13 January 2005

A government quango hostile to the current level of successful DLA claims has been providing secret and potentially prejudicial briefings to decision makers and tribunal members about the effects of different health conditions on entitlement to DLA. The secrecy of these briefings may mean that some tribunal decisions have been made unlawfully and calls into question the independence of the Appeals Service.

Don’t mention the report
The secret DLA briefings were provided by the Disability Living Allowance Advisory Board (DLAAB). The Board is a government quango set up in September 1991 to advise the Secretary of State on matters relating to DLA and AA. It also gives advice to medical services doctors on cases referred for “expert” advice.

In 1997 the DLAAB was asked by Baroness Hollis to present her with ideas concerning the ways that DLA and AA and its administration might be improved. The subsequent report did not recommend simpler claiming systems, better training for decision makers or advertising campaigns to increase take-up. Instead, it argued that too many people were being awarded DLA, that appeal tribunals too often found in favour of claimants and suggested ways of cutting the numbers of people eligible for DLA and AA. As far as I can recall, attempts to follow the DLAAB’s recommendations lost at least one junior Labour minister her job amidst scenes of disabled claimants chaining themselves to Downing Street’s gates. That report has now been quietly removed from the DLAAB’s website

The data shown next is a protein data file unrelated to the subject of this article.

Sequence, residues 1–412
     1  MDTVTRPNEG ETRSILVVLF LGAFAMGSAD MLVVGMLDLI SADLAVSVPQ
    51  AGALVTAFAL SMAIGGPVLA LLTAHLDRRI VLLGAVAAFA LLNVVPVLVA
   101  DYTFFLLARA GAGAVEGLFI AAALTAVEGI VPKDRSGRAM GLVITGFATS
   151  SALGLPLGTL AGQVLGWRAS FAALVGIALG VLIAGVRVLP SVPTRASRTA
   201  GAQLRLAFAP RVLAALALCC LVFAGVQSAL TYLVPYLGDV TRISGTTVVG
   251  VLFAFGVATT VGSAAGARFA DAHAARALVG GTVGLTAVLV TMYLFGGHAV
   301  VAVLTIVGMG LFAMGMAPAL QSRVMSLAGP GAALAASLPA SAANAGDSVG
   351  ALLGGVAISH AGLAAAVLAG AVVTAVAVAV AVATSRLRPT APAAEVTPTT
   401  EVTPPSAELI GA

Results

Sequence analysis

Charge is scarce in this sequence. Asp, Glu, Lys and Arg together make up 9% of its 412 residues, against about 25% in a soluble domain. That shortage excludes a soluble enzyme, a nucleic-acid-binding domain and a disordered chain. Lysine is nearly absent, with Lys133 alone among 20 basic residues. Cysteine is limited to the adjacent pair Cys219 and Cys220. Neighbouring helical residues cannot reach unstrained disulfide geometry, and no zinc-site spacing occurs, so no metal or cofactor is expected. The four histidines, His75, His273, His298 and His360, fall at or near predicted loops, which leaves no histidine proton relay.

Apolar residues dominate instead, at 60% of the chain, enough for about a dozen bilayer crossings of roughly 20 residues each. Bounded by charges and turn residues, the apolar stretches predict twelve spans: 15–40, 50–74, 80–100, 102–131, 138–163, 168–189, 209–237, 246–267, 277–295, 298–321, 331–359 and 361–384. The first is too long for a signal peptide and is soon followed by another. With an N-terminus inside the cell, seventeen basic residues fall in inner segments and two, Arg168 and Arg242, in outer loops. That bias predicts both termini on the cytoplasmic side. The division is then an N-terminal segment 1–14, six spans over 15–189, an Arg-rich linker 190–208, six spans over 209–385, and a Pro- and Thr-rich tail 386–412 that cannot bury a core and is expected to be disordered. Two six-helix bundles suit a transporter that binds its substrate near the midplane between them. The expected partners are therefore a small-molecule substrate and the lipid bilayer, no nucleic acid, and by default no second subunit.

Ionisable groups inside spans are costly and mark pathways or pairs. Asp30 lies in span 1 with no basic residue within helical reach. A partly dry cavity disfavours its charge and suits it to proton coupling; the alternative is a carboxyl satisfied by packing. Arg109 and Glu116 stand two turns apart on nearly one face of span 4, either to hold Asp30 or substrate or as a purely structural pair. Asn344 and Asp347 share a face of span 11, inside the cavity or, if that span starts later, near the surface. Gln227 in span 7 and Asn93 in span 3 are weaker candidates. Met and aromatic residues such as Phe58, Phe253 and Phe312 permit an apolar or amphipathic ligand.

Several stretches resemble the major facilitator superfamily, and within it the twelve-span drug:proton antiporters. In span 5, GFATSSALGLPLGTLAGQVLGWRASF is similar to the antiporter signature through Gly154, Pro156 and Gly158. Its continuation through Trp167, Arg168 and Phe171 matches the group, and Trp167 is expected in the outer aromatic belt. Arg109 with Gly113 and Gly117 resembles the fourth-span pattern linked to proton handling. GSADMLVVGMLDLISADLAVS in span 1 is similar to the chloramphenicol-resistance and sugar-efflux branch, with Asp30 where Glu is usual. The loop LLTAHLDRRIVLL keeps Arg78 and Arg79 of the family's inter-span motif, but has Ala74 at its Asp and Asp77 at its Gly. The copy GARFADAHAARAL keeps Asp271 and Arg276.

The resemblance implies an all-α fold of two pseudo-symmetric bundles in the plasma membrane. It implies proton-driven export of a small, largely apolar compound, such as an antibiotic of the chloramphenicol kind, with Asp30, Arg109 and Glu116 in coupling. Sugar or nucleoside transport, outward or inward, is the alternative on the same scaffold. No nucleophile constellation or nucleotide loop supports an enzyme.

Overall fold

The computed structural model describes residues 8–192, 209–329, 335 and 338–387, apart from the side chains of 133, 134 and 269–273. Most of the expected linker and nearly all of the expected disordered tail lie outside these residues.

You’ve been quangoed
In 2003 the government held a ‘consultation’ on a proposed change to the DLA regulations, the effect of which would be to prevent many people with physical health conditions claiming the lower rate of the mobility component of DLA. Only one organisation out of all those which gave evidence to the Social Security Advisory Committee was in favour of the change: the DLAAB. Even SSAC recommended that the proposals be dropped, arguing that:

“ . . .there are serious flaws in the proposals as they currently stand. We would question the necessity for the proposed changes . . . the proposal may cause significant difficulties for legitimate claimants in obtaining their entitlement."

But the government was able to argue that its proposal had the support of the “experts” on the DLAAB and the Social Security (Disability Living Allowance) (Amendment) Regulations 2002 were enacted. The result was that many people with conditions such as heart disease, asthma and bowel disease who were too fearful or anxious to walk outdoors in unfamiliar places alone were no longer eligible for the lower rate of the mobility component of DLA.

Unfortunate tendencies
The Board’s habit of siding with the DWP and against claimants is clearly illustrated in their 2003 Annual Report, when discussing what they had learnt during visits to several Disability Benefits Centres. They explain that:

“Many decision makers reported an apparent tendency by some welfare rights organisations, who assist with completing the claim forms, to over elaborate the claimant’s care and mobility needs.”